Care for carers

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Caring for a loved one who has a disability or illness can be a rewarding and positive experience. However, it can also be an exhausting, thankless task, with ongoing demands potentially leading to frustration and feelings of fatigue, stress, anxiety and guilt. Know that you are not alone. Support and resources are available to help you. Here are some ideas:

  • take regular time out (known as ‘respite’) to do things you enjoy and to socialise
  • get some help in the home with subsidised services
  • talk to others about how you feel, and ask for help when it’s needed
  • seek professional help, such as counselling or joining a carers’ support group
  • be reasonable about what you can – and cannot – do
  • make a list prioritising and organising what you need to do
  • look out for signs that you’re becoming stressed and plan what to do if this happens
  • understand your legal and financial rights as a carer
  • realise that you are doing your best, and go easy on yourself if you are having a bad day.

For more ways to care for yourself, visit WebMD. While these resources may help you to take action on some of the above ideas:

Know that there is no shame in reaching out for help. Seeking the help you need will benefit both you and the person in your care.

Are you are carer? If so, do you have any ideas to share? What do you find the most challenging and/or helpful?

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Written by leshka


Total Comments: 7
  1. 0

    sounds great doesnt it ?? what happens to carers when they are over 55 their caring days are coming to an end and or they are looking towards retirement ?? what retirement ?? a discussion between carers exposed the very real issue of ending up on the streets due to lack of housing. thier own health being so destroyed by caring without the help they need they are not able to go back to work. how about giving carers the help they need ?? like recognising them as workers , paying them more than 2.50 an hour etc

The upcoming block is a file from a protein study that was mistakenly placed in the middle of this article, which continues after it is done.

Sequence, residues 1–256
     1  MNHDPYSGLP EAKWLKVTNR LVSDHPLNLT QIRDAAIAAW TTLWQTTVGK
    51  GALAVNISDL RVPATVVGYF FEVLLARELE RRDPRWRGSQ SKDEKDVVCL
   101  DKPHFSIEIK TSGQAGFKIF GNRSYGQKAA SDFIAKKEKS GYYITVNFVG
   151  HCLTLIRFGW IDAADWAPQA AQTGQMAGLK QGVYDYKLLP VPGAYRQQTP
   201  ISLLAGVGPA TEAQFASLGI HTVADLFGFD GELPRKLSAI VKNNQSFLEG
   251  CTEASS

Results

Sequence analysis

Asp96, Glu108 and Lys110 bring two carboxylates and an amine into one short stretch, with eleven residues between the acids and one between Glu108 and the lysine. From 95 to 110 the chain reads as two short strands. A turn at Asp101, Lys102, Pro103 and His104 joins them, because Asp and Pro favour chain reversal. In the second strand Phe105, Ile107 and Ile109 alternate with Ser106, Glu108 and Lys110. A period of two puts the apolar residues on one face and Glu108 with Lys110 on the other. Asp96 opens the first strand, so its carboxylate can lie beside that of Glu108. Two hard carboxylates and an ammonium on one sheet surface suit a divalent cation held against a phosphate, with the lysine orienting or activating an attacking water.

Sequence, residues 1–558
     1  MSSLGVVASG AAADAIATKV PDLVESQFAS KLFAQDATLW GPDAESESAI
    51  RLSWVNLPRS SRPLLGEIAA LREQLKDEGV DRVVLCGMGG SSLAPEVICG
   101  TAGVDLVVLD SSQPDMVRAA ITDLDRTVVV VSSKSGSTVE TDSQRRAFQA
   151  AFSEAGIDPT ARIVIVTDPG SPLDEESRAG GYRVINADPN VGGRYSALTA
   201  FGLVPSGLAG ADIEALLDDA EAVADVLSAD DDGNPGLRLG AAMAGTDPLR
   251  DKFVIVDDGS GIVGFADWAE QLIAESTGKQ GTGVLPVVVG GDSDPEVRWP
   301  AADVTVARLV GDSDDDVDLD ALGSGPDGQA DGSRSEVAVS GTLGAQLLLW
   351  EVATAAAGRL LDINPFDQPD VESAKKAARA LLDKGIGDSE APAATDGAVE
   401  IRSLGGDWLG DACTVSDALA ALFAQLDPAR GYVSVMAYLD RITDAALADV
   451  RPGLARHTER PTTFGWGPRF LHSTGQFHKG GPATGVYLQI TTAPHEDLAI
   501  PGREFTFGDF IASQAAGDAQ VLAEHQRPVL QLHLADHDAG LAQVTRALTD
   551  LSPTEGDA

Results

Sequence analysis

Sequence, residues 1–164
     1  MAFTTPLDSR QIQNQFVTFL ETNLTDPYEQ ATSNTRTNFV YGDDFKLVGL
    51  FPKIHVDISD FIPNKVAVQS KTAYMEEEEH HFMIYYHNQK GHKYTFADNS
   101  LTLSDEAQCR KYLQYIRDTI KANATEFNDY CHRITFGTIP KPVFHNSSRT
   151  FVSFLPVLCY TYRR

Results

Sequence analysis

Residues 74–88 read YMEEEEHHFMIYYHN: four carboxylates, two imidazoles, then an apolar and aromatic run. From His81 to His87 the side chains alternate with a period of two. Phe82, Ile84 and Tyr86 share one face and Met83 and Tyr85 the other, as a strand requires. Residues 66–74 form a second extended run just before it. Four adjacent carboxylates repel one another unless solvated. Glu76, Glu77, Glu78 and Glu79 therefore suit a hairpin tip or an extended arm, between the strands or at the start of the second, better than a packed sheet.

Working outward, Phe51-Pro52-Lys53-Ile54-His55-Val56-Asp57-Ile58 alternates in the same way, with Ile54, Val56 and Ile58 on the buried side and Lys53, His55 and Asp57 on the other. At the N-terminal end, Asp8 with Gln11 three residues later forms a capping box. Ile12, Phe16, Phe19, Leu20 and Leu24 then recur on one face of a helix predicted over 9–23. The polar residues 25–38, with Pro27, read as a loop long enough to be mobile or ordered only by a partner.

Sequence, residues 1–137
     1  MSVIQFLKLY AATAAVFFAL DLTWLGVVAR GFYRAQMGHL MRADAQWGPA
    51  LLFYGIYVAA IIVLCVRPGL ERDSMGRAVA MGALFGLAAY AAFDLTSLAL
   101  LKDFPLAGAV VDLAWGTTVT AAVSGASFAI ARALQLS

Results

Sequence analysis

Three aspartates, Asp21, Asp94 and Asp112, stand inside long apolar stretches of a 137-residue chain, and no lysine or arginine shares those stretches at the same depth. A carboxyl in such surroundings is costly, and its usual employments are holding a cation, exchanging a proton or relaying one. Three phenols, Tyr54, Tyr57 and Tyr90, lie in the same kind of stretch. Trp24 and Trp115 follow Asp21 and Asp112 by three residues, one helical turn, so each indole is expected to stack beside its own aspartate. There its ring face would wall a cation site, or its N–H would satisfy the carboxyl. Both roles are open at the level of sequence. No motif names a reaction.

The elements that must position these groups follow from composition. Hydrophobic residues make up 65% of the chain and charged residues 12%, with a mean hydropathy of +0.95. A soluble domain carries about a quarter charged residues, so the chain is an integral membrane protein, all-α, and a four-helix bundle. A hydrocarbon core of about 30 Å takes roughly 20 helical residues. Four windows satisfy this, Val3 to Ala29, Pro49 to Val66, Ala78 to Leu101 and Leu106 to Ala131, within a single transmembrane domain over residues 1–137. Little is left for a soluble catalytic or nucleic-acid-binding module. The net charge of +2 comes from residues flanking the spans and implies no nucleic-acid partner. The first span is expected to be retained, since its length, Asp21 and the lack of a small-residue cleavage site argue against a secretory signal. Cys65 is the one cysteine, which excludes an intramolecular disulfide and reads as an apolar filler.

2. 0

    Carers who exit the workforce to support a loved one (or two in my case) get no real financial support. Yes they get a carer payment and maybe an allowance, but what about loans that you need to continue paying. Yes you get concession for utilities and rego, but if you are a home owner with a mortgage, can’t get rent assistance nor can you get a loan at reduced rates. No work, may as well swim with the hungry loan sharks.

  3. 0

    No one seems to care about the carers.

  4. 0

    Just read National Seniors article that new Social Services Minister Christian Porter says the growth in income support for unpaid carers is unsustainable. It has been growing 14% per year for the past decade and should be restrained. Carers Australia describe this as ‘disturbing’. This safety net is now under threat. Nice timing considering it is Carers Week.

  5. 0

    If the government don’t want to pay carers payment, then they should start paying the minimum wage as workers of $15 hr. So if you care for your wife/husband/son/daughter 24 hr a day 365 days a yr that works out to $131,400 a year. As carers we would probably settle for an average wage of say $50,000 yr. THAT’S FAIR don’t you think for how we mentally have to coup every day.

  6. 0

    Carers also get their carers payment cut when the person goes into hospital for pain control etc –even though as a carer I still lived in the hospital and spent everyday all day caring for my Husband in there, because if I didn’t he was always left in a mess as I guess the Nurses didn’t have the time.

  7. 0

    I am a worker, a Community Liaison/Troubleshooter working between the facility and the wider community, in an aged care facility and have been working in aged care for more than 36 years. It makes me sad to read a comment from one of your readers saying that “no one seems to care about carers”. This is not a true statement given that the majority of workers working in the field of aged care who go the extra mile for those who are in their care and for their relatives. Our facility offers a great deal of respite for carers in our community of Caboolture, Qld and far beyond our community. My most important piece of advice to carers placing their loved ones into respite is to think of themselves as No 1 because if something happens to them then their loved ones do not have any choice other than to be placed permanently in care. I have talked with hundreds/possibly thousands of people over my time in aged care. Carers are the unsung heroes of our society.



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